More Pain Before Root Canal, Less to Gain from Anesthesia

Local anesthetics are a necessary first step for any root canal. However, one study published in the journal Anesthesia Progress has uncovered that the standard dosage may not be enough to curb pain for patients experiencing severe toothaches.

To observe whether a patient’s pain level before a root canal changed the effectiveness of local anesthesia, researchers tracked the pain intensity (from mild to moderate to severe) of 175 adults prior to their root canal. All patients were given a standard local anesthetic and the injection was considered ineffective if the patient continued to feel pain during the procedure.

The results showed that 1) age and gender did not affect the effectiveness of the anesthetic and 2) patients who experienced more pain before the root canal were more likely to feel pain during the procedure. In fact, 33% of patients with mild pain felt little to no pain during the procedure, but only 16% of patients with severe pain had a painless surgery. This is because a patient with extreme pain has overly active nerves, so the patient’s lip may be numb after local anesthesia has been administered, but the standard dose of anesthesia can’t block pain once dental instruments enter the mouth.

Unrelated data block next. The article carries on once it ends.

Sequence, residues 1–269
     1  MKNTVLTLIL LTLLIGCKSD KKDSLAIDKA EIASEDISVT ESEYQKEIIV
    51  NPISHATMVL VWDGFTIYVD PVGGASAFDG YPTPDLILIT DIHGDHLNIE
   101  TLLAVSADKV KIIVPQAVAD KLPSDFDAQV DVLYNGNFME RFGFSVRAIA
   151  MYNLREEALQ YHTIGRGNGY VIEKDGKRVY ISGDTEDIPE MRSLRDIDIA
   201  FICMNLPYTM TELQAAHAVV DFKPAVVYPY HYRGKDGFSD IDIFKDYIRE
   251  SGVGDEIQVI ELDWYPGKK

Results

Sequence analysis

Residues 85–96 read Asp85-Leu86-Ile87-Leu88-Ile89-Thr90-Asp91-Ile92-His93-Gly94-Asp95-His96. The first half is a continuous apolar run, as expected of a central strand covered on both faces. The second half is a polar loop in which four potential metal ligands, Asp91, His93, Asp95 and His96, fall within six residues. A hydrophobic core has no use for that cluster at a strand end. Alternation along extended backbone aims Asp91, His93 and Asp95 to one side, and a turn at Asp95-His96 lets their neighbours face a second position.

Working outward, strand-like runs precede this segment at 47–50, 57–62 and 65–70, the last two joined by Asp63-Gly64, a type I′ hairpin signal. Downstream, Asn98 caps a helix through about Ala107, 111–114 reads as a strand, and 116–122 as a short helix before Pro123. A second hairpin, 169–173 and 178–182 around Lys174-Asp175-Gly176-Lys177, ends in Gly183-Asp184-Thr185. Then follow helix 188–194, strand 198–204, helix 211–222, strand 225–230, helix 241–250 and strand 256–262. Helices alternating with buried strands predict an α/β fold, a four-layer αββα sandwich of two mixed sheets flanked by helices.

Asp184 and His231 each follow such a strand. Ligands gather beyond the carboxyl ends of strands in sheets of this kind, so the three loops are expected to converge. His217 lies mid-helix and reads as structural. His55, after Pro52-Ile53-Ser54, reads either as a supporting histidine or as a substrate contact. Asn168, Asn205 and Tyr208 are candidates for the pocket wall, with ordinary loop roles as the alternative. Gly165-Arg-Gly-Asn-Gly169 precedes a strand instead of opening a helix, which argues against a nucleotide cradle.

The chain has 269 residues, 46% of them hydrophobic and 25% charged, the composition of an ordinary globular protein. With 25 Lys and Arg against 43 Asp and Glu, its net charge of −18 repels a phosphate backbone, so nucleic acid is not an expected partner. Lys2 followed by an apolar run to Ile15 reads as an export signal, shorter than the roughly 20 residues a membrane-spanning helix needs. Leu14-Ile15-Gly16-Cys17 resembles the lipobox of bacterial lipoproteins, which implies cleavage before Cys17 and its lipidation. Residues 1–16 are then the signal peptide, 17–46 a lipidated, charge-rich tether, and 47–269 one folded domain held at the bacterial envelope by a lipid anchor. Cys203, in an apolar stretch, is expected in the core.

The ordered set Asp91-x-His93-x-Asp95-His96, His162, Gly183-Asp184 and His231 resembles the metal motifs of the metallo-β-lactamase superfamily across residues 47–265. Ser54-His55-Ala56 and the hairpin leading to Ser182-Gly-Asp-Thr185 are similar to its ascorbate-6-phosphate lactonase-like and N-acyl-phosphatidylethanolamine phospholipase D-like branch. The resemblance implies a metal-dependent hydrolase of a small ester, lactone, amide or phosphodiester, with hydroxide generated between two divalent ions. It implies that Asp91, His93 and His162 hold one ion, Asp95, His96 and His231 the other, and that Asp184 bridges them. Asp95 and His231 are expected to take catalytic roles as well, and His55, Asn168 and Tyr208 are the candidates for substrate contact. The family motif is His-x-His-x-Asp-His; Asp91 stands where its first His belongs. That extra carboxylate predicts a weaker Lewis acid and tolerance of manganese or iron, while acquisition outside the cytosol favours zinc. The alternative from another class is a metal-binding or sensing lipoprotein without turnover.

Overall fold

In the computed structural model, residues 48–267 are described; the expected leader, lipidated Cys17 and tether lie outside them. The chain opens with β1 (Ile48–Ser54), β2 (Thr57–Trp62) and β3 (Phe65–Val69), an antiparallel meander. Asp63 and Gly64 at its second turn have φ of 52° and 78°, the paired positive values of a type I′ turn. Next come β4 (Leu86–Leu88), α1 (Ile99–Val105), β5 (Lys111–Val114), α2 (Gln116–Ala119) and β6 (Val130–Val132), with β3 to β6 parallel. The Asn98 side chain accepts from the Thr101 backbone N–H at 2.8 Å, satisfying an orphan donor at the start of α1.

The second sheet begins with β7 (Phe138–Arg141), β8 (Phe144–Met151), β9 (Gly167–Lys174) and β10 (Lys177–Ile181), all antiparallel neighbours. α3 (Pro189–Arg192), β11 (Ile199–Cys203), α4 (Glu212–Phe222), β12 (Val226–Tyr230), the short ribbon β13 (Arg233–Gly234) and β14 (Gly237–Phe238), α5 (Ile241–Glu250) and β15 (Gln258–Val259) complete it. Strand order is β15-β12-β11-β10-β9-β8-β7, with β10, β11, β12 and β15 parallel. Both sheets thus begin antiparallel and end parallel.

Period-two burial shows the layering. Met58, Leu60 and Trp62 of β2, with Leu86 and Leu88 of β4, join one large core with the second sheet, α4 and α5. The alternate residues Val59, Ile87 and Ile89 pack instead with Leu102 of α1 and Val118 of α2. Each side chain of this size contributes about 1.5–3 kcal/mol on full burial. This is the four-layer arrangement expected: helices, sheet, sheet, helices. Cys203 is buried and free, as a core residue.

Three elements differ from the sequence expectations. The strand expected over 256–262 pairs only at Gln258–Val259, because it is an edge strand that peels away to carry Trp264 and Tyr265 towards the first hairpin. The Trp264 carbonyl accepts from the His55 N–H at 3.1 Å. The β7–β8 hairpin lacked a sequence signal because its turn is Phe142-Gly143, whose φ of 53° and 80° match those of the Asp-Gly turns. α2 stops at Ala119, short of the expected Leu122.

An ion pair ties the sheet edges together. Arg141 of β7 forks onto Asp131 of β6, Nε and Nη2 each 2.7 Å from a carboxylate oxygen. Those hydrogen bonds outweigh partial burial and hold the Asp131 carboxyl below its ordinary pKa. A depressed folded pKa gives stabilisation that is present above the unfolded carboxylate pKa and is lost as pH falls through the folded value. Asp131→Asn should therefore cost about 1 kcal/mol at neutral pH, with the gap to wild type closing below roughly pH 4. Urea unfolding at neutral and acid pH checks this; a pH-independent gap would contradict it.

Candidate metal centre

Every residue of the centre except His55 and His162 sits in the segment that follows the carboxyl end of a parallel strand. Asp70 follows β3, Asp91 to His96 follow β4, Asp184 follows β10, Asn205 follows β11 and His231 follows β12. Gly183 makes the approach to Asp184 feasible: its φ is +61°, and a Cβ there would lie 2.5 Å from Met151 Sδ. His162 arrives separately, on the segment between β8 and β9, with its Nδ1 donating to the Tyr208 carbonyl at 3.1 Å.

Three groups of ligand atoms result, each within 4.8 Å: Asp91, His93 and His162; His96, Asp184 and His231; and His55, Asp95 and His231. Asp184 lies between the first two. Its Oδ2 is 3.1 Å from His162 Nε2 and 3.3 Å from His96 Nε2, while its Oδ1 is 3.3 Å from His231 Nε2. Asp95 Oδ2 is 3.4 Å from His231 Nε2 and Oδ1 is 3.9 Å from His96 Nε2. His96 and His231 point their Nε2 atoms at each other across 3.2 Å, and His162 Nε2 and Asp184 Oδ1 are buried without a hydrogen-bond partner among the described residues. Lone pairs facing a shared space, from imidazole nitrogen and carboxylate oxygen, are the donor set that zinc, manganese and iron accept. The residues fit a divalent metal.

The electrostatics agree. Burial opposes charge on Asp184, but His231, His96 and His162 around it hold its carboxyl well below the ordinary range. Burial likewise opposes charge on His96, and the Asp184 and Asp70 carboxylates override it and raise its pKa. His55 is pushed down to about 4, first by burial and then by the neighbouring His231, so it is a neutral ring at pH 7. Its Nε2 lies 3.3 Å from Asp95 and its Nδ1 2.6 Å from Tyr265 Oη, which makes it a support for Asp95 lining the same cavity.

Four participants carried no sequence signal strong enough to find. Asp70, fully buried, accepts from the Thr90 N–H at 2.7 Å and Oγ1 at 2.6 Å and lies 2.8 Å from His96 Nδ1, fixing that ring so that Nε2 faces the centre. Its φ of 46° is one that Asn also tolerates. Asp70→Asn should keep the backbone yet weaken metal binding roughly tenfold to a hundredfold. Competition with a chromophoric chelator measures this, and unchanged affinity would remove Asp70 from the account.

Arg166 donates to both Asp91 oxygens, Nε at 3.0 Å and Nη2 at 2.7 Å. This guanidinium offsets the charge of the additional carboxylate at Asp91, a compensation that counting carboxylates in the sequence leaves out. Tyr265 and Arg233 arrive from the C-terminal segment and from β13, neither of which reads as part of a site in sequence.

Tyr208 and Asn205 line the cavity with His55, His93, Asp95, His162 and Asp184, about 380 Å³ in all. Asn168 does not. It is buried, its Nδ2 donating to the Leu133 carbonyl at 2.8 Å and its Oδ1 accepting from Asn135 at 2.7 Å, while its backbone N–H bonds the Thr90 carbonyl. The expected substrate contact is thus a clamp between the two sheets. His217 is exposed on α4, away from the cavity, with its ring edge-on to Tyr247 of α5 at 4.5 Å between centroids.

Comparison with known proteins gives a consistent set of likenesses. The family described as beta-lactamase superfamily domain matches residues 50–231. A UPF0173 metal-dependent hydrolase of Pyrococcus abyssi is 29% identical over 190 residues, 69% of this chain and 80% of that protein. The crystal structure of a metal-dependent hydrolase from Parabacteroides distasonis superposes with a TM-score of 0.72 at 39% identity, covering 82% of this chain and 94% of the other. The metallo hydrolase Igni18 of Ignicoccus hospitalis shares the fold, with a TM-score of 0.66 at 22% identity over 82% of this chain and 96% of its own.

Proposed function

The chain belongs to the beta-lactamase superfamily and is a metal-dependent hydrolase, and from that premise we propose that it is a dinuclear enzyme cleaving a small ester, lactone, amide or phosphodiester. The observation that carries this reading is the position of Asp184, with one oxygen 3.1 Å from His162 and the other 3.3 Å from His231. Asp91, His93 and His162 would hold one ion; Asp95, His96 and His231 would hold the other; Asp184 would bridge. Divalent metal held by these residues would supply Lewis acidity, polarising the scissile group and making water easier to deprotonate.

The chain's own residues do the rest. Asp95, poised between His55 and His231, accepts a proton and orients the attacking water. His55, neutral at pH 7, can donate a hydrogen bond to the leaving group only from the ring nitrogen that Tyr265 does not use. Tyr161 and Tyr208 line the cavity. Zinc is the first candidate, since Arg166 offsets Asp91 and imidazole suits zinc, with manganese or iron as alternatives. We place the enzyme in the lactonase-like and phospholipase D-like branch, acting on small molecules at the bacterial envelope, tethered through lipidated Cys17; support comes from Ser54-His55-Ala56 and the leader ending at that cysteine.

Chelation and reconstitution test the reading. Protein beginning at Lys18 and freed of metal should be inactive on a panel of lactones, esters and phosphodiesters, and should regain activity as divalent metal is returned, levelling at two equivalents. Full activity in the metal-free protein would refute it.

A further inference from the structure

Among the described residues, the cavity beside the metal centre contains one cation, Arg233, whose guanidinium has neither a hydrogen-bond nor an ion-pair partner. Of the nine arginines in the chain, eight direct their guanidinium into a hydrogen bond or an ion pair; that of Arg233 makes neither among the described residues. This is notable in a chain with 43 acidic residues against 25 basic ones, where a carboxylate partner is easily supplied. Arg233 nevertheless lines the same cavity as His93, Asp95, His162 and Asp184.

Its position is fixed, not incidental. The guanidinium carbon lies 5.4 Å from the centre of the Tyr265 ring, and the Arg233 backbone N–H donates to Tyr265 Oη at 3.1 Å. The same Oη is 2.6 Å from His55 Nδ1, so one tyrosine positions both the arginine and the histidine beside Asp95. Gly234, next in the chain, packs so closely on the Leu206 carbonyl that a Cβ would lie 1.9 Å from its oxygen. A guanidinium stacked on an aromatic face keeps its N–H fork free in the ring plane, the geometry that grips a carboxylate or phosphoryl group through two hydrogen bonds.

To ensure a painless root canal procedure, it is important for dentists to ascertain just how much a patient’s tooth hurts. For patients with severe pain, clinicians should administer a supplementary injection as well as a primary injection, since such patients are predisposed to a high anesthetic failure rate.